Carcinomatous meningitis as the presenting manifestation of gallbladder carcinoma: case report and review of the literature
The primary tumors that typically cause carcinomatous meningitis include lung cancer, breast cancer, leukemia, lymphoma and melanoma. A variety of neurological signs and symptoms can be seen depending on the extent and location of the meningeal metastasis. Once the diagnosis of carcinomatous meningitis is confirmed, the search for the primary tumor can be a challenge and at times may require extensive radiographic or even surgical evaluation to obtain specimen for pathological confirmation. Here we report a patient who presented with bilateral cranial nerve VIII and cerebellar symptoms, and was diagnosed with carcinomatous meningitis. Only after an exploratory laporatomy did it become clear that the initial symptoms were related to a metastatic gallbladder carcinoma.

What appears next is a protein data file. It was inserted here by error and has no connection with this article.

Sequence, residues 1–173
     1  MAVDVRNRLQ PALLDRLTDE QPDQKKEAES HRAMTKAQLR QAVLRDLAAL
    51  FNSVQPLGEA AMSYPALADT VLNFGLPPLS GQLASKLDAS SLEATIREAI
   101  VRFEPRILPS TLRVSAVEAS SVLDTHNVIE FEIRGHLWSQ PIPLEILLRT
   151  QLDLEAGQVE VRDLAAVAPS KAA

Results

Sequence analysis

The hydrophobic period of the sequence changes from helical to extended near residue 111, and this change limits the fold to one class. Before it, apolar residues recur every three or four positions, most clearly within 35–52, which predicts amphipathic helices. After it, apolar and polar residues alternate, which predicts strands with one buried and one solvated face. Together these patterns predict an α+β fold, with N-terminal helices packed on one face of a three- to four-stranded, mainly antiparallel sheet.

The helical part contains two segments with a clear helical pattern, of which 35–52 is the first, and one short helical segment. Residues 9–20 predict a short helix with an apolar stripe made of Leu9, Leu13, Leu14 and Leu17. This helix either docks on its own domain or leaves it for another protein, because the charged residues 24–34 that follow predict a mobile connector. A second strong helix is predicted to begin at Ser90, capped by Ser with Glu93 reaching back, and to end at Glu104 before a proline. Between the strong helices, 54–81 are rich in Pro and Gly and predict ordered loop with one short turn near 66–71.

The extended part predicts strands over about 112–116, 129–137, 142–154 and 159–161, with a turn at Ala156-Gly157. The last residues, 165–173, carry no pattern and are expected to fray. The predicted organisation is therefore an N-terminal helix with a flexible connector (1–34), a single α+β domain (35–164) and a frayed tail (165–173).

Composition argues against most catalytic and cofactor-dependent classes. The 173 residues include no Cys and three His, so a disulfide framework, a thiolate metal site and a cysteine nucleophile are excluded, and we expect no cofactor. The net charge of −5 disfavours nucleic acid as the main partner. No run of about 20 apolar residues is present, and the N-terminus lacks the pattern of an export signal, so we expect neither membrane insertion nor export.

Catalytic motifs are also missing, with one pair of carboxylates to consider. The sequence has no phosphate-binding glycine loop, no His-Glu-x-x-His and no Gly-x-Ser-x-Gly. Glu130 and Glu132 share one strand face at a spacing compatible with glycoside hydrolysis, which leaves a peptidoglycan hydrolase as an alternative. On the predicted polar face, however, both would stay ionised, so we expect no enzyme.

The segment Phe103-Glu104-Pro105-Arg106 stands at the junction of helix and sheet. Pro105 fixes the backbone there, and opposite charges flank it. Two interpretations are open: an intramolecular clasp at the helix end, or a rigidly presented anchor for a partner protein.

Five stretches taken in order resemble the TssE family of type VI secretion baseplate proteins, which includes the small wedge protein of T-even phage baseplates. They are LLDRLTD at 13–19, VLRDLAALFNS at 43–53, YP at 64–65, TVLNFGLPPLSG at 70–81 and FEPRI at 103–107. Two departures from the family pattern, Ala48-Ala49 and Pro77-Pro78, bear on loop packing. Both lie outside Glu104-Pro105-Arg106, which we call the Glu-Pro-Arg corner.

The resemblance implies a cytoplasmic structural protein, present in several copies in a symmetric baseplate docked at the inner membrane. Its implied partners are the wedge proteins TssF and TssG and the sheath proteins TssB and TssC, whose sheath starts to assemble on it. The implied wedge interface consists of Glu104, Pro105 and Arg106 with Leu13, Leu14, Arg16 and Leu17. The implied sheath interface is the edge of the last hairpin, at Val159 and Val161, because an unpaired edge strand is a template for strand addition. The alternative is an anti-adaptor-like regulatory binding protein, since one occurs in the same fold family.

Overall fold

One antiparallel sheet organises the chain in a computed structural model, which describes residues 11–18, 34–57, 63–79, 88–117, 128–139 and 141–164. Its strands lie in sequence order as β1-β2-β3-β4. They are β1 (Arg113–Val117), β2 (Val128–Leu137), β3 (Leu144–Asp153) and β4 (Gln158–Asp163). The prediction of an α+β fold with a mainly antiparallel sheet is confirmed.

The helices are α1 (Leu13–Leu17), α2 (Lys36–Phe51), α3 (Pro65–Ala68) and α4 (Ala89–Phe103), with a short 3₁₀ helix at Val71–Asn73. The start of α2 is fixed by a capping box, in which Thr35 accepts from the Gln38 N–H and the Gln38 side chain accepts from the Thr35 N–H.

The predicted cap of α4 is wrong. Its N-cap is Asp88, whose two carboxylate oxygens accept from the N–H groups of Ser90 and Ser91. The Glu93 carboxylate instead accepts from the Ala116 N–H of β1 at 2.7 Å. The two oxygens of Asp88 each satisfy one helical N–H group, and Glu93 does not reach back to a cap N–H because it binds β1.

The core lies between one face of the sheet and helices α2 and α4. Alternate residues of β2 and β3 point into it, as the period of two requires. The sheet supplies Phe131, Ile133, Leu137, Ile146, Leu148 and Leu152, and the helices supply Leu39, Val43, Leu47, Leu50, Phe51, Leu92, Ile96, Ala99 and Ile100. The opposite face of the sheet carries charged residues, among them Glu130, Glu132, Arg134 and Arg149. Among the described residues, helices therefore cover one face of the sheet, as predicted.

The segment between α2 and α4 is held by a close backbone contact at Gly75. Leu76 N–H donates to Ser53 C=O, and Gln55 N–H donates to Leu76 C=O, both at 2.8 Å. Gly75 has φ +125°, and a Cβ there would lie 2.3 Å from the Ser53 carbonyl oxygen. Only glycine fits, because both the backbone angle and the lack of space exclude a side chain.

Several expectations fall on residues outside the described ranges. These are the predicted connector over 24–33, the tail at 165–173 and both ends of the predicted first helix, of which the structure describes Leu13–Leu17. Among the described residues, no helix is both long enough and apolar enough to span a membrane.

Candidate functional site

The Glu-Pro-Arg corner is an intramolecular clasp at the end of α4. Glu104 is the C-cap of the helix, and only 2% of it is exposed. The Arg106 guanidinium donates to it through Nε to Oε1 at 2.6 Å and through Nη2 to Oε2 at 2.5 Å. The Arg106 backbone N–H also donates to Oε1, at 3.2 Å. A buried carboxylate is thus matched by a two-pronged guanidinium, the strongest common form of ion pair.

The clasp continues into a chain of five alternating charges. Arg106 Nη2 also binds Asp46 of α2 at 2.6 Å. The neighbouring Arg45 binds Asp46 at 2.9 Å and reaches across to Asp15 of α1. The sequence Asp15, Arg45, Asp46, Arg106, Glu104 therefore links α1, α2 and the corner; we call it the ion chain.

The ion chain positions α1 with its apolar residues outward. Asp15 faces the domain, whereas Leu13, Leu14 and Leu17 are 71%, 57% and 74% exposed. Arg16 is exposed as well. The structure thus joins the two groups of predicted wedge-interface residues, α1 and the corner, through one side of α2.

Shen Y, Blumenthal DT, Digre K, Cessna MH, Gopez EV. (2004). Carcinomatous meningitis as the presenting manifestation of gallbladder carcinoma: case report and review of the literature. J Neurooncol, 70(1), 67-71.
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